How Do I Use a Diaphragm Turkey Call?
The most desired call to use for beginners is a turkey diaphragm call, which is also known as a turkey mouth call. This type of hunting call is the hardest to use, so it is recommended that this type of call not be used until one has mastered the use of a box call and a pot call. A diaphragm call is made up of a plastic or aluminum horseshoe-shaped frame. Inside of this frame is stretched latex, which consists of 1 to 4 layers. The last part of a diaphragm call is a layer of tape that is also horseshoe shaped. The tape is used so that it fits inside of one's mouth better. Once the call is placed in the mouth, it should be pushed to the roof of the mouth with the tongue.
|FoxPro White V Cut Slash Turkey Call|
When air is blown over the call, it produces a sound. When more than one layer of latex is on the call, more air is needed to yield a sound. Less air is required from a single or double reed call, such as the Flextone EZ Hen mouth turkey call. Once the hunter is able to produce quality turkey sounds on a double reed turkey call, they can then move on to turkey calls that have different cuts into the latex, which makes each call have a unique sound. For example, a 3 reed call that has a V cut like on the FoxPro White V Cut Slash turkey call, yields a very distinct sound.
Beginners Tip: When first learning how to use a diaphragm call, begin by placing the call in the mouth, leaving it there for a couple of minutes, before trying to create a sound. This allows the gag reflex that is commonly experienced to go away, which results in the hunter being more relaxed and ready to try to make a sound.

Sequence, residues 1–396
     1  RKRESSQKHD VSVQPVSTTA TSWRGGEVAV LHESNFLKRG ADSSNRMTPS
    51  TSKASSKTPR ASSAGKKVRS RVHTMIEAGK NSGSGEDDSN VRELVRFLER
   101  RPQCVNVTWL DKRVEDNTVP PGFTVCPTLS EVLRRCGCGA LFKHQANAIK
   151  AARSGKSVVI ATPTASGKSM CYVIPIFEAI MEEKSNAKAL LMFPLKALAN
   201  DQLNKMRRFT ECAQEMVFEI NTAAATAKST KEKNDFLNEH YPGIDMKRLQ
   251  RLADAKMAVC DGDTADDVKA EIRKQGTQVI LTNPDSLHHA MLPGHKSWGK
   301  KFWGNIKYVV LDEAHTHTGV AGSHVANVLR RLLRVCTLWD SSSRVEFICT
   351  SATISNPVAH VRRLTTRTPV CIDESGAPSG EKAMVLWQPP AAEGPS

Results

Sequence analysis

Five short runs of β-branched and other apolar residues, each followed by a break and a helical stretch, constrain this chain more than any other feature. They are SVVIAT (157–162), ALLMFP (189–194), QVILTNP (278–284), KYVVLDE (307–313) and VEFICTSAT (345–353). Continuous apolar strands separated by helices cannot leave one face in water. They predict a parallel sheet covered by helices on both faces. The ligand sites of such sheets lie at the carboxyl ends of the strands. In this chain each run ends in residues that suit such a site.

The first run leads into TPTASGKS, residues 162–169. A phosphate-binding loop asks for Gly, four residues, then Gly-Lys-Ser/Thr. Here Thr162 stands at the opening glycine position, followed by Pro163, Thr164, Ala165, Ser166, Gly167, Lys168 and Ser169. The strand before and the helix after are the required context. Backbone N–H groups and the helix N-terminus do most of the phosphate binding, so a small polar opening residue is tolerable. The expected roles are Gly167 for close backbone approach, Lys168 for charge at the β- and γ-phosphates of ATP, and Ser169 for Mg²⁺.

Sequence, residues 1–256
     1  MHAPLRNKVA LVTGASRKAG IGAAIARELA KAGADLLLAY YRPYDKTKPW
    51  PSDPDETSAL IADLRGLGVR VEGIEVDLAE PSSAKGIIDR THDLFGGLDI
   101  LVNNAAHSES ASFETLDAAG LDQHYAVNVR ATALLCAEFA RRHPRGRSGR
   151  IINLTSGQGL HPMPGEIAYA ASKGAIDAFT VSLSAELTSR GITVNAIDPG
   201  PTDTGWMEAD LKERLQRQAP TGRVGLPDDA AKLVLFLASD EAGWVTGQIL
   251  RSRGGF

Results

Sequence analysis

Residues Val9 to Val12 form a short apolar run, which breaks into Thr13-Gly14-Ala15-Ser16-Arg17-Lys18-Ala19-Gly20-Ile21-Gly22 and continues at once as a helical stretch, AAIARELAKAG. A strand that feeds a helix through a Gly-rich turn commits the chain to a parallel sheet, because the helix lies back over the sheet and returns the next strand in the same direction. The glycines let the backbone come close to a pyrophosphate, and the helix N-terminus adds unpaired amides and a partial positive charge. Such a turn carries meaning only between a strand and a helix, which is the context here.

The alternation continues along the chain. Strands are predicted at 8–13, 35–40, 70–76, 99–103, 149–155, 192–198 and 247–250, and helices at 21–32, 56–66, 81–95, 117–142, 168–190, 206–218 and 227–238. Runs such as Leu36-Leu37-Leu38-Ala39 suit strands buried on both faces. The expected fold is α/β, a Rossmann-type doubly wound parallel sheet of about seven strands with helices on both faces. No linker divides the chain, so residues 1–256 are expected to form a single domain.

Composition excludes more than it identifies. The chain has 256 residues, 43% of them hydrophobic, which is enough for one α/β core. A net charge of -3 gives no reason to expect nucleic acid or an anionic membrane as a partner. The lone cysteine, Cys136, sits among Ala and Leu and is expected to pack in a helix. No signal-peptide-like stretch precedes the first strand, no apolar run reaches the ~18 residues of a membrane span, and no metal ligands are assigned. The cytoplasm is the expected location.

Using a diaphragm call for turkey hunting is one of the most desired calls to use, being as that it creates some of the most realistic sounds possible. A diaphragm call also allows the hunter to refrain from making any movement when calling, which prevents being seen by a turkey's incredible eyesight. Using a diaphragm call also allows the hunter to use more than one caller at the same time. For example, using a pot call along with a diaphragm call mimics that of 2 different hens calling in the wild, which makes a gobbler more interested in coming to the call request.
Learning how to call turkeys is a task that takes time, patience and effort. If one will use these types of calls in the order as listed above and spend a lot of time practicing, turkey calling will soon become an event that is looked forward to instead of an undertaking.
Beginners Tip: When learning to use turkey calls, it is recommended to listen to actual sounds of wild turkeys, and then try to duplicate those sounds. Visit www.nwtf.org or follow this link (http://www.nwtf.org/hunt/wild-turkey-basics/turkey-sounds) for a complete list of turkey vocabulary. This will help the beginning hunter to learn what each call means as well as what it sounds like in the wild.